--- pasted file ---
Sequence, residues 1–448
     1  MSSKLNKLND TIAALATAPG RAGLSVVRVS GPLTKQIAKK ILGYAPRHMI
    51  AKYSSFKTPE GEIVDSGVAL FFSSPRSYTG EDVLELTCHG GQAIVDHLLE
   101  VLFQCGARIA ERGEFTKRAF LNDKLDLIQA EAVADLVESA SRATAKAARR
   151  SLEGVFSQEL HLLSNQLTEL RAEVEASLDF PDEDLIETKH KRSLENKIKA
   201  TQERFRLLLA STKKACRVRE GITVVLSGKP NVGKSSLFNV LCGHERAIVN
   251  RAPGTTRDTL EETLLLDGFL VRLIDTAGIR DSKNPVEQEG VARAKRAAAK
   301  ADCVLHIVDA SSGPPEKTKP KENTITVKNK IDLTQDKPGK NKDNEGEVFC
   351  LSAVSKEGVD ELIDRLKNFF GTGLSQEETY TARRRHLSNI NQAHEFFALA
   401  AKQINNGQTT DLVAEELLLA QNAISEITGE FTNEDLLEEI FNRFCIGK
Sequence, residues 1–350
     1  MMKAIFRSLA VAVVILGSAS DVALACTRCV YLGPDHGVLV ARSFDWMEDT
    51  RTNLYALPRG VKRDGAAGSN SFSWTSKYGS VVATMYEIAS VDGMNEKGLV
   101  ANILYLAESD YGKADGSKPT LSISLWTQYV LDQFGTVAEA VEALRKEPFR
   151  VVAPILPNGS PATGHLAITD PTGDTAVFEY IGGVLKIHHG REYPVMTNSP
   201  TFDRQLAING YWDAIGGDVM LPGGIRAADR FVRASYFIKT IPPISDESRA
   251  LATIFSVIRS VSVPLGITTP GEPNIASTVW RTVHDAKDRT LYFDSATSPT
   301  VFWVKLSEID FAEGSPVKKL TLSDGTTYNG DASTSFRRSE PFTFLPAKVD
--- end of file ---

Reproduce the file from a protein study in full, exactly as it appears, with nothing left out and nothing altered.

Sequence, residues 1–448
     1  MSSKLNKLND TIAALATAPG RAGLSVVRVS GPLTKQIAKK ILGYAPRHMI
    51  AKYSSFKTPE GEIVDSGVAL FFSSPRSYTG EDVLELTCHG GQAIVDHLLE
   101  VLFQCGARIA ERGEFTKRAF LNDKLDLIQA EAVADLVESA SRATAKAARR
   151  SLEGVFSQEL HLLSNQLTEL RAEVEASLDF PDEDLIETKH KRSLENKIKA
   201  TQERFRLLLA STKKACRVRE GITVVLSGKP NVGKSSLFNV LCGHERAIVN
   251  RAPGTTRDTL EETLLLDGFL VRLIDTAGIR DSKNPVEQEG VARAKRAAAK
   301  ADCVLHIVDA SSGPPEKTKP KENTITVKNK IDLTQDKPGK NKDNEGEVFC
   351  LSAVSKEGVD ELIDRLKNFF GTGLSQEETY TARRRHLSNI NQAHEFFALA
   401  AKQINNGQTT DLVAEELLLA QNAISEITGE FTNEDLLEEI FNRFCIGK
Sequence, residues 1–350
     1  MMKAIFRSLA VAVVILGSAS DVALACTRCV YLGPDHGVLV ARSFDWMEDT
    51  RTNLYALPRG VKRDGAAGSN SFSWTSKYGS VVATMYEIAS VDGMNEKGLV
   101  ANILYLAESD YGKADGSKPT LSISLWTQYV LDQFGTVAEA VEALRKEPFR
   151  VVAPILPNGS PATGHLAITD PTGDTAVFEY IGGVLKIHHG REYPVMTNSP
   201  TFDRQLAING YWDAIGGDVM LPGGIRAADR FVRASYFIKT IPPISDESRA
   251  LATIFSVIRS VSVPLGITTP GEPNIASTVW RTVHDAKDRT LYFDSATSPT
   301  VFWVKLSEID FAEGSPVKKL TLSDGTTYNG DASTSFRRSE PFTFLPAKVD